By Patsy Fretwell

During the 1960s, retailers categorized an “average American” and focused on selling products to that person. However, there is no “average American,” according to Scott McClelland, president of H-E-B’s Houston division. McClelland explained to his audience at the Houston Gulf Coast CCIM chapter’s October luncheon that Houstonians are a diverse group and retailers have to re-think business models to reach different consumers. McClelland noted two of HEB’s marketing strategies:  offering the lowest price and selling items competitors don’t.   “H-E-B invests lots of time to find out what people want, and low prices matter very much,” he said.  H-E-B price shops more than 50,000 items with their competitors to make sure their prices are lower.


Pictured from left to right at the CCIM October luncheon: Cyndy Garza, H-E-B; D’etta Casto-DeLeon, Grandbridge; Brent Casto, H-E-B; Jessica Quintanilla, H-E-B; Scott McClelland, H-E-B.

One example of offering something others don’t is the recent addition of Whataburger ketchup.  McClelland said the addition of the ketchup, both spicy and regular, has increased HEB’s gross profit on ketchup overall from 19.7% to 26.1%.

Currently, H-E-B owns a 22% market share in Houston and McClelland is proud to note that HEB only operates stores in Texas and northern Mexico, whereas his competition is national.  He referred to the recent onslaught of new smaller, national competitors as “paper cuts,” but admitted that when the competition reaches more than 30 stores, the situation could change.  However, he notes that the marketing innovations and products his company utilizes will continue to convince shoppers to pass up “four other stores” to shop at an H-E-B store — until he can get more stores physically built.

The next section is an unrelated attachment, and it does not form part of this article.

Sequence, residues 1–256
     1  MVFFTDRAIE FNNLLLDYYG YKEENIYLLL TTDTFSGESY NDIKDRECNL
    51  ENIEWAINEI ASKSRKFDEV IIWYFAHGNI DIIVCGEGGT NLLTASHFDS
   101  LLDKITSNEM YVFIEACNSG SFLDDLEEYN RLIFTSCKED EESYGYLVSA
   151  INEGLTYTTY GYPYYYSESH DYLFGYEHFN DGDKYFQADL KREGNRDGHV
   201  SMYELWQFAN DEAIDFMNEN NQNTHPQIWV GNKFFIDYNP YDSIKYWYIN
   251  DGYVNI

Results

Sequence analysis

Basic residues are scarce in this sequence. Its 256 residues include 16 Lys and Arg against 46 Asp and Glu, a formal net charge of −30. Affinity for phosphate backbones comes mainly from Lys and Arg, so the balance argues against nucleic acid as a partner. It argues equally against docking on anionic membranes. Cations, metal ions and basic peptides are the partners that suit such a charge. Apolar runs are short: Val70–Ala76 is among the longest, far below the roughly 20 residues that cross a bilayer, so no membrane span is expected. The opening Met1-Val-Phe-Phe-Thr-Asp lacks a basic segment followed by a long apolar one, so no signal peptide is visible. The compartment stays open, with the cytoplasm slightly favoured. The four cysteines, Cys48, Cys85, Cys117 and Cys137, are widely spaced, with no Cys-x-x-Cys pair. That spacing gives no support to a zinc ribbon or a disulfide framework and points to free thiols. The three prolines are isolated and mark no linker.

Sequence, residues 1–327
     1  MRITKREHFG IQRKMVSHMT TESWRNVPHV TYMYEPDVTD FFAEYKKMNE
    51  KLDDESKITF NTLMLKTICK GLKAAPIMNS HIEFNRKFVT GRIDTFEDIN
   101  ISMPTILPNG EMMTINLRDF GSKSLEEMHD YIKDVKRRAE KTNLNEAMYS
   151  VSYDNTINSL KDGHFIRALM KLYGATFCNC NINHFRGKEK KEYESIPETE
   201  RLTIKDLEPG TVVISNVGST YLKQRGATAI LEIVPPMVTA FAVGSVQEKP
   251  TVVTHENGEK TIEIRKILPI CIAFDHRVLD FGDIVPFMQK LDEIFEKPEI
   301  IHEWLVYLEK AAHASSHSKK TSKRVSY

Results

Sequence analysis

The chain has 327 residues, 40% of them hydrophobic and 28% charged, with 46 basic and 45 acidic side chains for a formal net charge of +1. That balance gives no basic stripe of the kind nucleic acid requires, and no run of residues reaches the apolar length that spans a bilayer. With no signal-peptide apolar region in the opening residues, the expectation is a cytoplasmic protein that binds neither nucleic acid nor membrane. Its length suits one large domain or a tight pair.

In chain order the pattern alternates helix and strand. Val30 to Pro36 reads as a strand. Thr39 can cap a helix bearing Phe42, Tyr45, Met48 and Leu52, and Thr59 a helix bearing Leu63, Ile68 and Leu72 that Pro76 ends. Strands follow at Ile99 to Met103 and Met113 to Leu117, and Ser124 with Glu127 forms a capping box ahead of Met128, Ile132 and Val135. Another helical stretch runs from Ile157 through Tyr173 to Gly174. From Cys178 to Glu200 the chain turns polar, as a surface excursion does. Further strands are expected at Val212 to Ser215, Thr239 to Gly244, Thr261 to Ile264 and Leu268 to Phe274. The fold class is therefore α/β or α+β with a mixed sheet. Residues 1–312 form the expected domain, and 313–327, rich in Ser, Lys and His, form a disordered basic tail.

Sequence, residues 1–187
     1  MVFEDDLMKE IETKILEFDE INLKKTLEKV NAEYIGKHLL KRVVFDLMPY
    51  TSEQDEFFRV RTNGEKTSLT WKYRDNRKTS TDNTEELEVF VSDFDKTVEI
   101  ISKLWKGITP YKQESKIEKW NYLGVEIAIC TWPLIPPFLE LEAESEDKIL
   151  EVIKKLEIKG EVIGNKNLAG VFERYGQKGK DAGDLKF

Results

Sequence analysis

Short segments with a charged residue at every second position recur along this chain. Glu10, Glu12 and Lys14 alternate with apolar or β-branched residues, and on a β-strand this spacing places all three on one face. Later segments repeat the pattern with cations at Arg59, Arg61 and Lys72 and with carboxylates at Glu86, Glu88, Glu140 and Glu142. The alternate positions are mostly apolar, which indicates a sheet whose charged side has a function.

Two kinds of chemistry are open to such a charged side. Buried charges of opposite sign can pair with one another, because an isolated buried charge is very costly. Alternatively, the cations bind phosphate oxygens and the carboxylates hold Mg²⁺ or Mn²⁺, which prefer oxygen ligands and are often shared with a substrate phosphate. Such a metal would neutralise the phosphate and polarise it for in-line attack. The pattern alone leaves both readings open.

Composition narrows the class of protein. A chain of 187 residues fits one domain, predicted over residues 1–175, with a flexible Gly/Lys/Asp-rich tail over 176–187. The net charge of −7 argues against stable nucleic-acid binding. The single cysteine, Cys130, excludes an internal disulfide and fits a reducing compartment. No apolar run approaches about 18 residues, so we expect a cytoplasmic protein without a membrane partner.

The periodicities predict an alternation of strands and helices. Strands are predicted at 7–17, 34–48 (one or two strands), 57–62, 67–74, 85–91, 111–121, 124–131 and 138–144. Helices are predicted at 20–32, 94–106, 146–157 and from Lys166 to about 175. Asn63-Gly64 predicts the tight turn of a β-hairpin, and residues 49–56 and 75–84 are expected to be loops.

McClelland stated that one major innovation that keeps H-E-B’s prices low and increases profitability is the fact that they manufacture many of their own products, from potato chips to tortillas.  The H-E-B products provide a 25% overall profit as they control costs.

McClelland also addressed the difference in shopping patterns for different income groups.  He said there is a changing Texas and an “erosion of the middle class,” with Texans’ household income declining.   The grocer president said he visits consumers in their homes to find out what they are buying.  H-E-B is facing the realities of the low-income consumer, which he described as families with income under $30,000, by opening up their newest line of stores.  Joe V’s Smart Shop, which offers value above all else, “strips the costs out” and does not accept credit cards; cash transactions are handled by machines, reducing employee time by about 60 hours per week.

McClelland explained the similar but different product lines between Central Market, H-E-B and Joe V’s Smart Shop, noting that each store differentiates itself from the other for the consumer who shops there.

H-E-B is in the process of building a store at the southeast corner of San Felipe and Fountain View and will close its nearby store at Fountain View and Westheimer. The new store will be modeled on the format of H-E-B’s Montrose Market at West Alabama and Dunlavy, which received two awards from the Urban Land Institute.